Indian Arts And Crafts Act - Understanding What It Means
In summary, the Indian Arts and Crafts Act of 1990:
- Makes it illegal to sell goods as 'Indian' or 'Native American' if they
are not made by a member of a state or federally-recognized tribe or a person
certified as being an Indian Artisan by a tribe.
- Covers any type of craft, including art, carvings, baskets and musical
- Applies to the entire United States, but not other countries.
- If violated, is punishable by fines, penalties and/or imprisonment.
- Needs to be correctly understood by all native-style flute makers and
Native American Vs. Native American Style Flutes
If you are looking to sell or buy native-type flutes in the United States,
and you are looking at what is available on the Internet, you will see two
types of language being applied to these instruments. Legally, only those
flutes crafted by State or Federally recognized tribal members or their
designated Indian artisans may be sold as Native American Flutes.
Any flute maker who does not meet this specific description must sell
his instruments and Native American Style Flutes in order to be
in compliance with the Indian Arts And Crafts Act.
It is important to understand that there are many excellent Native
American-style flutes being made by craftspeople with only partial or
no Indigenous heritage. In fact, some of United States' most celebrated
Native American flute players endorse and play these non-Native-made flutes.
There is nothing wrong or illegal about this, because these flutes are
being properly sold, in compliance with the law, as Native American Style
Flutes, rather than falsely advertised as Native-made.
Which Flute Origins Should You Be Especially Careful Of?
The three types of Native-style flutes most commonly made in the United States
are the Plains Flute,
and Anasazi Flute/Ancestral Pueblo Flute.
Whether you are purchasing these online, from a brick-and-mortar music store,
or from an event such as a Powwow, Fair or Festival, the vendor must make it
perfectly clear to you whether the flute is Native or non-Native-made. In our
flute maker comparison chart
here at Native Flutes Walking, we have attempted to designate precisely this
information about prominent U.S.-based flute makers.
What About Flutes Outside The United States?
What if you wish to purchase a Central or South American Flute, such as a
Chances are, unless you can find a flute maker in the
United States who is reproducing these Indigenous instruments, you will end up
buying your flute from an importer. In such case, it is often impossible to
verify the exact origins of the flute, and the Indian Arts and Crafts Act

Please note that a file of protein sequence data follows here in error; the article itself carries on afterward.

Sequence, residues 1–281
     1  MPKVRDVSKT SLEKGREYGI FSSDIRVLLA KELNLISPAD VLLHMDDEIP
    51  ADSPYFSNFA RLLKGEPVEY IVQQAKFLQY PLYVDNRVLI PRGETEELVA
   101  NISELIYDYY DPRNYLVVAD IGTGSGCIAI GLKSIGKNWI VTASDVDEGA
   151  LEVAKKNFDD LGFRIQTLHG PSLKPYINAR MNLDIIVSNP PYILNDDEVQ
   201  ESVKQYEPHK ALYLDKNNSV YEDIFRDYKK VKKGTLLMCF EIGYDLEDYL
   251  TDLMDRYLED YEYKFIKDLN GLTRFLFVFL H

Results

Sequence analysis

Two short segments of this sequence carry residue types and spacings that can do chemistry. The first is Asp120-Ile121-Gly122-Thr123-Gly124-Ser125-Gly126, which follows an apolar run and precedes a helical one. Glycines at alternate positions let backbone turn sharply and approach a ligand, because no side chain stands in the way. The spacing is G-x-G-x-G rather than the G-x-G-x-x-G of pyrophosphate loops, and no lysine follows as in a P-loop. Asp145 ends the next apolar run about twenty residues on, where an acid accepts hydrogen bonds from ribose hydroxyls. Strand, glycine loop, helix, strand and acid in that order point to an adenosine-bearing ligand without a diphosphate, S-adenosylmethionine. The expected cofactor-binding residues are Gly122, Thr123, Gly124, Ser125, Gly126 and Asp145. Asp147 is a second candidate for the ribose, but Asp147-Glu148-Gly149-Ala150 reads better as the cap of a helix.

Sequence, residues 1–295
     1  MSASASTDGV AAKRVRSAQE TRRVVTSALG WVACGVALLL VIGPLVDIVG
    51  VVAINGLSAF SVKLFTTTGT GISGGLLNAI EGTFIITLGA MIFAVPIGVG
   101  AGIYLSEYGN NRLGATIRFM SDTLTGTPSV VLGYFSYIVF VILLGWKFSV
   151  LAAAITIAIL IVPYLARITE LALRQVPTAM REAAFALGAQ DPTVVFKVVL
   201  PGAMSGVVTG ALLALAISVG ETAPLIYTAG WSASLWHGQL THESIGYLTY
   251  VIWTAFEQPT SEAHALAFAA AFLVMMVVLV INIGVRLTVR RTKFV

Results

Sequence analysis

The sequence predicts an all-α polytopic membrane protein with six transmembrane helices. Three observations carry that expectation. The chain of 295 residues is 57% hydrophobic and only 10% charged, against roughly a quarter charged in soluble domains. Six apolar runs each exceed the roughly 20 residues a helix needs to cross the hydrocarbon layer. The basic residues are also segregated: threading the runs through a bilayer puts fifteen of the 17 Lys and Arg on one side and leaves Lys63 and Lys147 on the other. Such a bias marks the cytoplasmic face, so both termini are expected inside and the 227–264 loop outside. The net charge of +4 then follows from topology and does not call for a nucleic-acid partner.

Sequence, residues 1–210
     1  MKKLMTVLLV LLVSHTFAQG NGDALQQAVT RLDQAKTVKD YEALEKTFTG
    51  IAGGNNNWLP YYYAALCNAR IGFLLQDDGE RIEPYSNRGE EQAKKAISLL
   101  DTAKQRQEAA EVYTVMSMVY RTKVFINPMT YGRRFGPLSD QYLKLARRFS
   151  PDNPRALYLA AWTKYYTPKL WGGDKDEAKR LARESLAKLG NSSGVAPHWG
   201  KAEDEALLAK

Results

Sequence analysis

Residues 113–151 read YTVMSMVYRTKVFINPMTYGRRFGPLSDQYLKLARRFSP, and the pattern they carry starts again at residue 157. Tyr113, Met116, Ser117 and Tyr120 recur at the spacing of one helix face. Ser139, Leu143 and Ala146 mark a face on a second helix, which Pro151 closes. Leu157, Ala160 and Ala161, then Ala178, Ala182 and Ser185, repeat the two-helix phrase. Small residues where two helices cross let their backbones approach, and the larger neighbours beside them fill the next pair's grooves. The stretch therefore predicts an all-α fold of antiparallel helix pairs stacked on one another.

does not prohibit false labeling in countries outside the U.S. Flutes may
be sold as Made in Peru, Made in Ecuador, Made in Chile, Made in Mexico,
etc., but it is hard to verify the accuracy of these labels, and unfortunately,
it is possible that a Central or South American style flute may have been made
outside the American continents. At Native Flutes Walking, we are unaware of
any laws governing International truth-in-advertising, and do want to make
it clear that purchasing Indigenous-style flutes from non-U.S. sources does
not guarantee truthful labeling.
Despite this, some Central and South American flutes are somewhat obscure,
and their craft may only be widely known amongst the Indigenous Peoples who
have always made them. If possible, speak to the owners of import and music
stores to see if there is any type of information available about the people
who make the flutes they are selling.
Why It Is Important To Uphold The Indian Arts And Crafts Act
Native American Peoples have been subjected to exploitation and abuses in the
worlds of arts and marketing. For example, many Native Americans are deeply
offended by the use of Indian themes in sports as the names of teams or
identities of mascots. Indigenous Americans have suffered tremendous hardships
since the European invasion, and it is a further insult to them to see their
cherished heritage falsely used for monetary gain. In the world of musical
instruments, it is very important that no craftsperson or musician derive
benefit from a false use of the Native American label, as this would only
add to the wrongs Indigenous Peoples have suffered. With clear labeling
and honest business practices, these unwanted scenarios can be avoided.
If you would like to read the complete, official text of the Indian Arts
And Crafts Act,